• Pediatric Ophth/Strabismus

    This Danish study in the April issue of the British Journal of Ophthalmology investigated inter-reader agreement on five severity levels of central vascular changes and aggressive posterior retinopathy of prematurity (ROP). Among four international ROP readers, agreement was poor on grading of central vascular changes in RetCam photographs from a preterm population born between 1997 and 2006.

    The authors note that the subjective nature of diagnosing such vascular changes possibly resulted in earlier treatment of preterm infants in Denmark between 1997 and 2006. They conclude that the recent increased incidence of treated infants in Denmark is, at least in part, explained by a significant shift in indication for treatment. They point out that two new terms were defined by the revisited International Classification of ROP (ICROP): pre-plus disease, a predictor of sight-threatening plus disease development; and aggressive posterior ROP (APROP), at high risk of rapidly developing into retinal detachment.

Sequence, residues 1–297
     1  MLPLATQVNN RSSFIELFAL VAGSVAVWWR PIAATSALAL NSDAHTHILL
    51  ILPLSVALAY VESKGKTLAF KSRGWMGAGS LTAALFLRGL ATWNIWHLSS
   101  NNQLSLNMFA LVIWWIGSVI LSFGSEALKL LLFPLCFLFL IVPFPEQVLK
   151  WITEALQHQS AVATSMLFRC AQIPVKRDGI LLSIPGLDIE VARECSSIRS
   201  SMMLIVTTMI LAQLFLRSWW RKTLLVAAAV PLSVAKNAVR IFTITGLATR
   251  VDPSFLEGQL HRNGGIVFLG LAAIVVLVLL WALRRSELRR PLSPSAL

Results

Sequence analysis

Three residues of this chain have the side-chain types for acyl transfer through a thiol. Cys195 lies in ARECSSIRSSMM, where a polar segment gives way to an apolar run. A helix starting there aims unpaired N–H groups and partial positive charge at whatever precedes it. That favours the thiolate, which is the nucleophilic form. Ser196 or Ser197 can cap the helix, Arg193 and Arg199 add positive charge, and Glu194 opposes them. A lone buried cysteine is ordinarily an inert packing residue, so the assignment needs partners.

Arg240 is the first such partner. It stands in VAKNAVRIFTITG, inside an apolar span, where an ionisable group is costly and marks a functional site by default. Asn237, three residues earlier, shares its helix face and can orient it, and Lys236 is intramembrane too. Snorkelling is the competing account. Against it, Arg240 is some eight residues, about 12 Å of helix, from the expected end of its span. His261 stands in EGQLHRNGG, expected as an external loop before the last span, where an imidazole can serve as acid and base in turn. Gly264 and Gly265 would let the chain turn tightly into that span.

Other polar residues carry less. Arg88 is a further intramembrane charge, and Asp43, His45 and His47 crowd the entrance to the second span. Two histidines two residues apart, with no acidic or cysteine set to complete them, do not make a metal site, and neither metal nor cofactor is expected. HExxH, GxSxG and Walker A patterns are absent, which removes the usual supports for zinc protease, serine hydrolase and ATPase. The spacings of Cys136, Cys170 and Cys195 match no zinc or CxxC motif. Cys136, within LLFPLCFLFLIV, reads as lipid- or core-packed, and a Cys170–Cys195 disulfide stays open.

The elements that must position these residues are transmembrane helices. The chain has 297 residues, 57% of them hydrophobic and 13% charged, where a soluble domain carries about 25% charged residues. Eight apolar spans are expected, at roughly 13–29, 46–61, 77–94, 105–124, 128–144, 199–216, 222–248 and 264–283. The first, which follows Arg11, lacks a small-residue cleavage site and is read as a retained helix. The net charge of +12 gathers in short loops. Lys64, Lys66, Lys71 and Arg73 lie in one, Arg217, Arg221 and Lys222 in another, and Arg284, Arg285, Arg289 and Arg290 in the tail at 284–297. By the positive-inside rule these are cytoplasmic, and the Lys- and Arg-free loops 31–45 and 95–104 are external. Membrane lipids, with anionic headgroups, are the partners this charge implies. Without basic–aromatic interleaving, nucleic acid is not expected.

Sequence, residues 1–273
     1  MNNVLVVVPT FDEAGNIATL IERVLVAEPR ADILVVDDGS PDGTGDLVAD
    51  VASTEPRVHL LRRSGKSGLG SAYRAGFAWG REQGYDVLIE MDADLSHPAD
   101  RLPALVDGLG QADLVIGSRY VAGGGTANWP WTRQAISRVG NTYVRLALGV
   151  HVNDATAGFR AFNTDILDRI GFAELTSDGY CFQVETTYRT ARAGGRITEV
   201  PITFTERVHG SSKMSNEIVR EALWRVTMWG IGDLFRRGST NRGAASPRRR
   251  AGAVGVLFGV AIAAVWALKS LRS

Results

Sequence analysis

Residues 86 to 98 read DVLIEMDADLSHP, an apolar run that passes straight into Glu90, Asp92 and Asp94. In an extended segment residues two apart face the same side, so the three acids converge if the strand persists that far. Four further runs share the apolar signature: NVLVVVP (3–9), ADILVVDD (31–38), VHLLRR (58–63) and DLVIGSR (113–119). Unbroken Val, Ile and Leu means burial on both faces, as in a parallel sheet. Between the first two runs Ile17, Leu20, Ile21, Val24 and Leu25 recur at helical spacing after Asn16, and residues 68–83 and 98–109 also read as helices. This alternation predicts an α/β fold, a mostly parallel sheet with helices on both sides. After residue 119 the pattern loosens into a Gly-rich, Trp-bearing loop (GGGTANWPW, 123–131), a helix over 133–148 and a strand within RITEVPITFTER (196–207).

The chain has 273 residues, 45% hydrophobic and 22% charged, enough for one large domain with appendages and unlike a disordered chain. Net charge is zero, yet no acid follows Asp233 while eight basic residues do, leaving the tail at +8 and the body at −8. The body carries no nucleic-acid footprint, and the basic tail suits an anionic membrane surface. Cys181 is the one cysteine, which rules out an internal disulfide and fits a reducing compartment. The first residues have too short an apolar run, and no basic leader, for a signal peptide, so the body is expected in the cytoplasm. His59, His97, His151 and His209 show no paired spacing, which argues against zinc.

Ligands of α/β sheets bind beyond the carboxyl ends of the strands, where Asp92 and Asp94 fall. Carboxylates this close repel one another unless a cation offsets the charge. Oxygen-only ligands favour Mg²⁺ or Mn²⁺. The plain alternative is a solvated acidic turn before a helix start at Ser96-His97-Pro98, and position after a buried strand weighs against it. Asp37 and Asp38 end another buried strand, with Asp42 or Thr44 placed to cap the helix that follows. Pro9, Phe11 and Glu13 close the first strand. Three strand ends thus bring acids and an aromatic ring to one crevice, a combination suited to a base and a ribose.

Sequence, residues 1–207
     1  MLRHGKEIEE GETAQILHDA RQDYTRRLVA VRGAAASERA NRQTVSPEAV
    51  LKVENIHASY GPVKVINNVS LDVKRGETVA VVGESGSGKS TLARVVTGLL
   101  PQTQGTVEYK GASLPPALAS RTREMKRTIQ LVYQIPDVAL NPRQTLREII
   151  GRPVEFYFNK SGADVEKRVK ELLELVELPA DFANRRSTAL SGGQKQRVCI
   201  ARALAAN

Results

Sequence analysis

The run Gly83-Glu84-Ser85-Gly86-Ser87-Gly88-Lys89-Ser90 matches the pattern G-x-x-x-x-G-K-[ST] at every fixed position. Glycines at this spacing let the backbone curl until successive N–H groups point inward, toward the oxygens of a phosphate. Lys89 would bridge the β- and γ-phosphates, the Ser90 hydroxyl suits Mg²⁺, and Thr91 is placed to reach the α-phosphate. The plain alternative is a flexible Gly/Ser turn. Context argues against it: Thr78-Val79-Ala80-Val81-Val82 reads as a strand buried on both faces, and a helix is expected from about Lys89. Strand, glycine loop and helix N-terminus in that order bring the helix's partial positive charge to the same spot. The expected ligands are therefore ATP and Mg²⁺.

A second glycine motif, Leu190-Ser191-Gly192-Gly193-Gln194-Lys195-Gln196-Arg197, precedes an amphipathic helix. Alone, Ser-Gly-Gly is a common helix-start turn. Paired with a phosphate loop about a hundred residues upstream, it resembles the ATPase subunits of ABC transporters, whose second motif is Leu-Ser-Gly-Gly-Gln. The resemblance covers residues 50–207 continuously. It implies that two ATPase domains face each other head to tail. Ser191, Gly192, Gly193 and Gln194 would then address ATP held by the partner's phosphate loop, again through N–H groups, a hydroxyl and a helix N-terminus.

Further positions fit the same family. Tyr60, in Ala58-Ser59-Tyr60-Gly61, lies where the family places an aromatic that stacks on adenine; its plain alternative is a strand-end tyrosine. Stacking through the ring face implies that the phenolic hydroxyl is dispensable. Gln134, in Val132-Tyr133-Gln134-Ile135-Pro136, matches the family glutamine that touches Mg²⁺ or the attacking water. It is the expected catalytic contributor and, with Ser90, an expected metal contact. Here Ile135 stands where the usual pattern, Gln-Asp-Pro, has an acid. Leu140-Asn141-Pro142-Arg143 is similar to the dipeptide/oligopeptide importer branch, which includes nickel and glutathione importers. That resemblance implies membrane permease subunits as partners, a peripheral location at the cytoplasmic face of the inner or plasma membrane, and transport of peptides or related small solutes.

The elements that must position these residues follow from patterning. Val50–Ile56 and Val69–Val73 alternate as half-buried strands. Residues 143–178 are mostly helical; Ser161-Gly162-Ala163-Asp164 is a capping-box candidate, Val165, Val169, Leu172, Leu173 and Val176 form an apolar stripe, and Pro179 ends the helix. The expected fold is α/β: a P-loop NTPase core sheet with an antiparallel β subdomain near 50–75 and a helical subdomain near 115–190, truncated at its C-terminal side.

Four expert ROP readers - pediatric ophthalmologists or vitreoretinal specialists from the United Kingdom, Sweden and Denmark - participated in the study. They were blinded to any information about the infants with the exception of being told that a high proportion of advanced ROP cases were included. They examined 243 photographs/948 quadrants from 136 infants.

    They agreed on the quadrant scores of only 70 (7.38 percent) of the quadrants. Mean scores differed systematically between the readers (permutation test, P < 0.0001). Agreement of all four readers on the presence of aggressive posterior ROP was not achieved for any of the photographs. Readers scored plus disease in at least two quadrants in 95.5 percent of the eyes for which treatment was indicated.

    All four readers agreed on whether treatment was indicated in 195 eyes (80.2 percent). However, they unanimously recommended treatment only in 18 eyes (7.4 percent). One reader was found to differ systematically from the others in indicating treatment (Rasch analysis; P = 0.0001). The authors identified a significant shift in indication for treatment between the birth periods of 2000 and 2002, and 2003 and 2006 (Mann-Whitney rank sum test, P < 0.001).

    They conclude that inter-reader agreement on central vascular changes, especially when based on more than two rating categories, is poor. They say that further refinement of the revisited ICROP guidelines - or even better, a reliable and valid computer-based image analysis system to further standardize quantification of central vascular changes - is urgently needed.